Late 1960s Australia. My mother adds a recipe to her limited repertoire–she discovers coleslaw.
This was not your average American coleslaw with shredded cabbage, watery mayonnaise (or mayonnaisy water–it’s really a spectrum) and the occasional raisin. No, this was shredded cabbage with actual mayonnaise, and–wait for it–diced ham and grapes!
I know, the creativity boggles the mind, doesn’t it? The things you can do with coleslaw!
Though I’m being sarcastic here, this coleslaw was indeed a rare treat. We never had diced anything but Spam, it seems, and certainly never anything as expensive as grapes. To think of all the antiques we wouldn’t have been able to schlep back to the Netherlands in 1970 if we ate like that on a regular basis!
My mother made this coleslaw a few times during Australian summers, to take with us on day trips and to be consumed by the bank of a river after hours in our car with no air conditioning. No wonder I seem to have spent much of my childhood bent double in pain in our little outhouse, occasionally visited there by the family doctor…
But I digress.
I don’t remember ever having coleslaw in the Netherlands , so fast forward to 1994.
Here, coleslaw is the staple side dish for barbecue: shredded cabbage, mayonnaisy water and the occasional raisin. A refreshing contrast to grease-dripping brisket, sausage and a flap or two of white bread, but not interesting enough to add to my personal repertoire.
Then, a few years ago, in a fit of coleslaw creativity, I came up with my own version. I don’t remember how it happened, exactly, but my guess is that I was responsible for bringing coleslaw to a barbecue.
Never having been able to stick to a recipe, especially a boring one like your standard coleslaw, I started doing my own thing. No mayonnaise, and diced sliced turkey is optional, so it’s fine for outdoors events. I’ve made it a lot for potlucks and it’s a hit. And if you really feel coleslaw isn’t coleslaw without the mayo, then, by all means, add some.
So here you have it:
Prep time: approximately 10 minutes.
Makes 1 big bowl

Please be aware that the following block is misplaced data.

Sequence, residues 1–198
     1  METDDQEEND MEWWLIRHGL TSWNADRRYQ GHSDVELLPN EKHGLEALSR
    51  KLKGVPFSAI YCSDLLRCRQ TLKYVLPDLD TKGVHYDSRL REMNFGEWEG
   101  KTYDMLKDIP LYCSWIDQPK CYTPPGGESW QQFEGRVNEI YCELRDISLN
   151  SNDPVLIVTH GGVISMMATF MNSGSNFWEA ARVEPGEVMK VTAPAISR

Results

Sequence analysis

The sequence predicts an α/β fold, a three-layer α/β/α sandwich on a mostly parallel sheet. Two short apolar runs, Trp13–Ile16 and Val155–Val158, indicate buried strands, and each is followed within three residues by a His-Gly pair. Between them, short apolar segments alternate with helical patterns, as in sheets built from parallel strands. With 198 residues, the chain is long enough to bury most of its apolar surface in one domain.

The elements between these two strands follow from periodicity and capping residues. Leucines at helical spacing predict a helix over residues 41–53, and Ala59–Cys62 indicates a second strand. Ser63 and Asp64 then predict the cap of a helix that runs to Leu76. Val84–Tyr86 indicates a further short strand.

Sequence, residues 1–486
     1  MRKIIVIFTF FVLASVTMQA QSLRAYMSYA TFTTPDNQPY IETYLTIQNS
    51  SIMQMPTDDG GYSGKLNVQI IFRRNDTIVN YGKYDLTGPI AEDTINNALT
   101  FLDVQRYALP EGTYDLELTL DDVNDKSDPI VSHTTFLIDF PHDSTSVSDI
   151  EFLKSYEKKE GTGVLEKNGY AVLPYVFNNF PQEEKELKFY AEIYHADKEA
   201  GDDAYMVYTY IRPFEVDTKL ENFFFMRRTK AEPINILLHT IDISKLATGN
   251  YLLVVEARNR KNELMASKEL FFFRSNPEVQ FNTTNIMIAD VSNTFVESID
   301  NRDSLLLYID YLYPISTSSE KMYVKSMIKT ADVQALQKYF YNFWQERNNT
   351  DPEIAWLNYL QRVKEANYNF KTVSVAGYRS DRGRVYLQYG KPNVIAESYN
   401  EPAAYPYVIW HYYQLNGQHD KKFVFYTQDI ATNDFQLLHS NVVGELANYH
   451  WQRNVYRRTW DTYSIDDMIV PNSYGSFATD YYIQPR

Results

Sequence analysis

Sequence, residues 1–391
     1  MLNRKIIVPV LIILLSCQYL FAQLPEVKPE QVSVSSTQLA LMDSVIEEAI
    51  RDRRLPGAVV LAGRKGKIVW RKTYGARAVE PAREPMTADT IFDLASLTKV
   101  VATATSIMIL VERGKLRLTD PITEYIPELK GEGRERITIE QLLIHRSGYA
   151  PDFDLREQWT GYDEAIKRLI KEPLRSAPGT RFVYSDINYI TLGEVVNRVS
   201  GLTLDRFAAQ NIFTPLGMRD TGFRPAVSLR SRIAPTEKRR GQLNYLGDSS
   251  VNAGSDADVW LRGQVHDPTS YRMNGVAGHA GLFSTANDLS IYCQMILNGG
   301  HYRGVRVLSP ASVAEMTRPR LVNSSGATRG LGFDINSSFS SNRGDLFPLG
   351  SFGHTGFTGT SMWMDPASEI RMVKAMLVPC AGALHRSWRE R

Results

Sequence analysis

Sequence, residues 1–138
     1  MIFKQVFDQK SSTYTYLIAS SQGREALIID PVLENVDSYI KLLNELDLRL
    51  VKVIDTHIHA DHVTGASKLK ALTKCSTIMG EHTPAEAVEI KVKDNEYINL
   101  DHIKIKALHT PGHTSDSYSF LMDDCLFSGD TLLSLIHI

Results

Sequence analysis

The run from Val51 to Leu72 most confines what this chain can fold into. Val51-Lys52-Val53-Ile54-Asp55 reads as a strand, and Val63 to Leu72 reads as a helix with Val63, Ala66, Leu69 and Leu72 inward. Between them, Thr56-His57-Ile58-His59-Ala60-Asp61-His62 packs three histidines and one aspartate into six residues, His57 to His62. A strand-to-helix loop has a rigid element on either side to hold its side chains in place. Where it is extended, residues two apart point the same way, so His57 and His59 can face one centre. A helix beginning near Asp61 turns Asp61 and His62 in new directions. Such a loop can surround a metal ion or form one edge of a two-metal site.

- coleslaw or shredded cabbage, 1 bag
- walnuts, 1 big handful
- dried cranberries (craisins), 1 big handful
- 1 apple, diced
- 2 mandarin oranges or 1 small can mandarin oranges or pineapple
- 1 packet sliced smoked turkey, diced (optional) (Don’t do chicken; it’s too weak somehow.)
- plenty of walnut oil or olive oil
- a few good squirts of lemon or lime juice
- salt or a few drops soy sauce
- plenty of curry
- plenty of thyme
- garlic powder (optional)
Mix and enjoy.
Do you have your own variation on coleslaw? Let me know!
You can come to our next pot-luck!
Having moved from England to the US almost 7 years ago, I found coleslaw very different form what I was used to. My mother used to make coleslaw and her recipe is a firm family favorite, this one also has no mayonnaise.
1lb white cabbage, shredded
1/2lb carrots, grated
1/4lb salad onions, chopped (use both white and green parts)
1 red apple, cut into small pieces
4 fl. oz. olive oil
2 fl. oz grape seed oil (use any oil if not available)
Juice of one lemon
1 clove garlic, crushed
1 heaped tbsp clear honey
1 tsp Dijon mustard
Salt and Pepper
Mix cabbage, carrots, onions and apple together. Combine dressing ingredients and mix well. Pour dressing over the vegetable mixture and mix well. Best refrigerated for a few hours or even overnight.
But technically, isn’t cole slaw Dutch (kool sla)? I remember seeing it mentioned in a book I read about the Dutch language’s influence on English.
That said, I’m more of a Southern purist when it comes to cole slaw, or at least as made by my family. Carrots, cabbage, grated onion, celery salt, mayo, a pinch of sugar, and sometimes a small drizzle of ranch dressing if it’s available. No raisins!!! 🙂
I never knew that it was originally Dutch. That explains the awkward name.
The best potato salad that I ever bought in a store I purchased in the Netherlands. It was labled Huzaaran. A friend from Iran said that they make it the same way in Iran and they call it Russian Potato Salad. I can imagine that Huzaaran is the Dutch word for Russian. With or without shredded beef it tastes really good. I do like to make it even better though by adding lots of extra green peas.
I have never seen this kind of potato salad for sale in Germany. Maybe its illegal to sell it here? When ever I take a trip to Geilenkirchen I make sure to hop over the border for some of this potato salad and some Dutch Coffee which is taxed at a much lower rate than in Germany. I detest coffee by the way. I resell the coffee in Germany.
Maybe I should have written this in the post about 10 Dutch or American Foods. I think that it fits better here though because Cole Slaw and Potato Salad are kind of inseperable.
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